18(a) Describe the mission/purpose of your proposed gTLD
|gTLD||Full Legal Name||Detail|
|.عرب||League of Arab States||View|
(a) Describe the mission ⁄ purpose of your proposed gTLD
The mission and purpose of the applied-for gTLD will be to:
• promote the identity of Arabs and their diverse communities as well as the use of the Arabic language and script on the Internet;
• provide the members of the Arabic community as a whole with effective and dedicated means to communicate with each other and other users of the Internet, using their own identities, company and brand names, as well as generic domain names in a gTLD that expressly targets such community;
• provide for an alternative generic Internet top-level domain for the people, organizations, companies and governments of the Arab Region, next to the existing country-code top-level domains;
• support and promote the Arabic culture on the global Internet, as well as the facilitation of economic, social and scientific integration and progress; and
• promote and operate a regional Internet namespace that has global recognition and caters to the needs of the community in the Arab region as well as Arabs worldwide.
The above objectives can be achieved by the League of Arab States, which will coordinate the development, implementation and management of the applied-for gTLD.
The League of Arab States is a regional intergovernmental organization of 22 Arab states, with headquarters in Cairo, Egypt. Its primary goal is to draw closer the relations between its Member States and co-ordinate collaboration between them, to safeguard their independence and sovereignty, and to consider in a general way the affairs and interests of the Arab countries.
The League was declared formally established when the then independent Arab countries signed the constituent instrument, the Charter, on March 22, 1945; i.e. nearly six months ahead of the setting up of the United Nations. In an historical perspective, the Charter of the League was indeed drafted in response to the common attitude of public opinion in all Arab countries.
For one full half of a century, the League of Arab States has markedly managed to serve as ʺthe common house of Arabsʺ where Arabs call get together and exchange views on how best to enhance the future of the nation - a process which tacitly and in turn consolidates the functions of the League arid ensures that it be the creditable reflector of the policies of member states.
The experience and performance of the League over the fifty years of its history, together with the regional and international developments, have all prompted the broadening of the scope of joint Arab action, the diversification of its areas and the creation of new institutions and mechanisms, which have in due course gained considerable effectiveness. Consequently, League activities have been so much expanded that they now cover almost all areas of essential importance for the Arab world.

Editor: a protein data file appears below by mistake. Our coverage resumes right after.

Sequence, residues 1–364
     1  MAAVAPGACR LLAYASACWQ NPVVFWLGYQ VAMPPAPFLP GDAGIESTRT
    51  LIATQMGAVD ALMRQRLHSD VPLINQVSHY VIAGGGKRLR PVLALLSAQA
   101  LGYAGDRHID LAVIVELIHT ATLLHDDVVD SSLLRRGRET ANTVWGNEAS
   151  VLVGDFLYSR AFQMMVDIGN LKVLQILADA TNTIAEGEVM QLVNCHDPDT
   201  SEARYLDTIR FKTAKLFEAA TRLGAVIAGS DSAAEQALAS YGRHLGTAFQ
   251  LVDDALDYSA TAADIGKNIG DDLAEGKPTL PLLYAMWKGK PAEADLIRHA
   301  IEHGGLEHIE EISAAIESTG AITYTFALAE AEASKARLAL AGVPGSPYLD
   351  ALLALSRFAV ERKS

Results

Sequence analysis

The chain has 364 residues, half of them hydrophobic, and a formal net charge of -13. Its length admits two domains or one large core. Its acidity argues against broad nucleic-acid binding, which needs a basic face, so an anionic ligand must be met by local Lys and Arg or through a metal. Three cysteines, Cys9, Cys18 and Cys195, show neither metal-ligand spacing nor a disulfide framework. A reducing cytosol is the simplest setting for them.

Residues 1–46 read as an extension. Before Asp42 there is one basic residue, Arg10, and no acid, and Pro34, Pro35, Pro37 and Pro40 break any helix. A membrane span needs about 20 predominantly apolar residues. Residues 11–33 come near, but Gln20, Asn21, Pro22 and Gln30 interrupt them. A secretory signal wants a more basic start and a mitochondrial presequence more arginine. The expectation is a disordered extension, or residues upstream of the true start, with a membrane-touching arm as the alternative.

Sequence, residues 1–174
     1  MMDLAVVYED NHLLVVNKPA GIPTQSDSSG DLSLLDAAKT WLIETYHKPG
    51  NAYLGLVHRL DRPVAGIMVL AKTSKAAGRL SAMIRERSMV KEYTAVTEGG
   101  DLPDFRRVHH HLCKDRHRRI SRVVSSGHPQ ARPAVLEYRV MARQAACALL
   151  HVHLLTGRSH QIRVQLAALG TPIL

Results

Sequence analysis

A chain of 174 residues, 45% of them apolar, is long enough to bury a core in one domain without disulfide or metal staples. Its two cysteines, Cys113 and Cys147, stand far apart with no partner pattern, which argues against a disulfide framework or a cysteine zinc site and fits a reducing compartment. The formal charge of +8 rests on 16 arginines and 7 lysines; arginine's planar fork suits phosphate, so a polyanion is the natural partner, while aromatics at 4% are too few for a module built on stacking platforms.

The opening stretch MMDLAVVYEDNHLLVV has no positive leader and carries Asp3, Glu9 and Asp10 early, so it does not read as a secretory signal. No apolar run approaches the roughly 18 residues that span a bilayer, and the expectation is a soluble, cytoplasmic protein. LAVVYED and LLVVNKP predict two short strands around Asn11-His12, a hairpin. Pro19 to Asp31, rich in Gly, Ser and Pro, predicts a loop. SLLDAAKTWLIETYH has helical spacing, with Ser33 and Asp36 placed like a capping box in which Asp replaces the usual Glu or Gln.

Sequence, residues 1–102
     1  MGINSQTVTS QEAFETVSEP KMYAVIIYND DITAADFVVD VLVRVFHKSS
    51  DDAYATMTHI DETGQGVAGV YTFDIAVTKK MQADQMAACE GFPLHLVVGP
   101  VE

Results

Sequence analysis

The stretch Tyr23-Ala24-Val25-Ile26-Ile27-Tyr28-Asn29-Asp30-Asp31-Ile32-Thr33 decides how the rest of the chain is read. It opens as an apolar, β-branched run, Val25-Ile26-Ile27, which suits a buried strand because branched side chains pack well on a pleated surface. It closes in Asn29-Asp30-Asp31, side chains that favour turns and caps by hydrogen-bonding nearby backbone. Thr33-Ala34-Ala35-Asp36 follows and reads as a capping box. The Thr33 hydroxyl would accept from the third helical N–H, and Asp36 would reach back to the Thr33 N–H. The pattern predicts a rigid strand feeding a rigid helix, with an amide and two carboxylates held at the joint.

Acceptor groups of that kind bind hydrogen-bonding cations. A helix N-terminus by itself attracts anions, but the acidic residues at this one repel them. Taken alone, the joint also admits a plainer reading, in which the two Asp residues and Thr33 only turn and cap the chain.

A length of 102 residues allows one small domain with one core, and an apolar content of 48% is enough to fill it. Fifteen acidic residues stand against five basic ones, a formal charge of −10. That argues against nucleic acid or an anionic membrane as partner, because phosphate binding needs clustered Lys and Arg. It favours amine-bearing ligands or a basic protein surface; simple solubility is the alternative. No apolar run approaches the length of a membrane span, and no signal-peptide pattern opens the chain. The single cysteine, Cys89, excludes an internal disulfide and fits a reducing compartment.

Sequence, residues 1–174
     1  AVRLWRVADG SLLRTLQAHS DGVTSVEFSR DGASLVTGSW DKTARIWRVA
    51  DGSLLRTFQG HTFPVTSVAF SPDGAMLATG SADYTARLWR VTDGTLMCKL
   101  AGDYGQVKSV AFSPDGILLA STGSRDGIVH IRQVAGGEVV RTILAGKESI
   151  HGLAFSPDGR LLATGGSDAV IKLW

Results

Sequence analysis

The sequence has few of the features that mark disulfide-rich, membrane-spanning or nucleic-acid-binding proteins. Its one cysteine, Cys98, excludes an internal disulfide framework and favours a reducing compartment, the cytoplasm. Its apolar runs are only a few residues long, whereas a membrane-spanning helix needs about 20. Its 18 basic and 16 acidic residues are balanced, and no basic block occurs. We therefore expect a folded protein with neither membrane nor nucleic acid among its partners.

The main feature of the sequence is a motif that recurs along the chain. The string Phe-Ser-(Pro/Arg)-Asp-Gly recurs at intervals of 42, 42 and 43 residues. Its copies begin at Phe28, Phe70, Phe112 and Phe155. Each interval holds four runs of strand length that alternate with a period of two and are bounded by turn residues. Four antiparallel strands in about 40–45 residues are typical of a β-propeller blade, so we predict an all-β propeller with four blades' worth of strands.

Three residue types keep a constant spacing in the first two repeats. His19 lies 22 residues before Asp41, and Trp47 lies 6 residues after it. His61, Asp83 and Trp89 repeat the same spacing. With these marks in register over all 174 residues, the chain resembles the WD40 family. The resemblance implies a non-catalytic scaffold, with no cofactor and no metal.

Each Member State of the League retains the right to withdraw from the League on condition that its intention to do so be communicated to the Council at least six months ahead of the desired date of actual withdrawal. The Council of the League has the competence to declare dissociated any state that does not live up to its obligations as are defined in the Charter. Any resolution to this effect need be unanimously approved, excluding the vote of the state concerned.
The Economic and Social Council for the League of Arab States is the unit responsible for all collaborative Arab efforts within the economic or social sectors, as well as supervising the functions of all units acting within its framework. It is also responsible to set general policies for Arab Eco-Social integration, and also to plan, and oversee programs related to its implementation.
The Arab Telecommunication and Information Council of Ministers (ATICM) is part of the structure of the Economic and Social Council for the League, responsible for all collaborative efforts between Arab States in the fields of ICT, including general strategies, infrastructure, services, regional and international cooperation. As declared by the Arab Summit, held in 2001 in Amman, the ATICM is also recognized as the highest executive authority responsible for the development of the Arab Information and Telecommunications Society.
Over the past years, the ATICM has been assigning tasks to specialized technical teams working within its structure to define the Arab gTLD Project, and will continue to do so in the months and years to come, as deemed appropriate. The Arab gTLD Project is framed in parallel with efforts to promote an Arabic Domain Names System focused on standardization for the use of Arabic script in domain names whether for the Arabic language in specific or for different languages using the Arabic script.
As part of this project, activities are underway for the establishment of a pan-Arab registry to manage and operate the new Arab gTLDs ʺ.arabʺ and its IDN equivalent in Arabic script ʺ.عربʺ. These activities are undertaken by LAS, particularly the Arab Working Group on Internet Issues (AWGII).
The League of Arab States is therefore considered to be the Applicant for the applied-for gTLD, and – following ICANN’s delegation of the TLD to the League – will become the Registry Operator. However, the League has decided to delegate the actual operation of the Arab gTLDs to TRA following delegation by ICANN of the applied-for gTLD to the League. Therefore, TRA will be managing and operating the Arab gTLD(s) following delegation by ICANN thereof to the League, in the name of the League, but for its own account. This arrangement has been laid down in an agreement entered into between both organizations.
Similar gTLD applications: (1)
|gTLD||Full Legal Name||Detail|
|.arab||League of Arab States||View|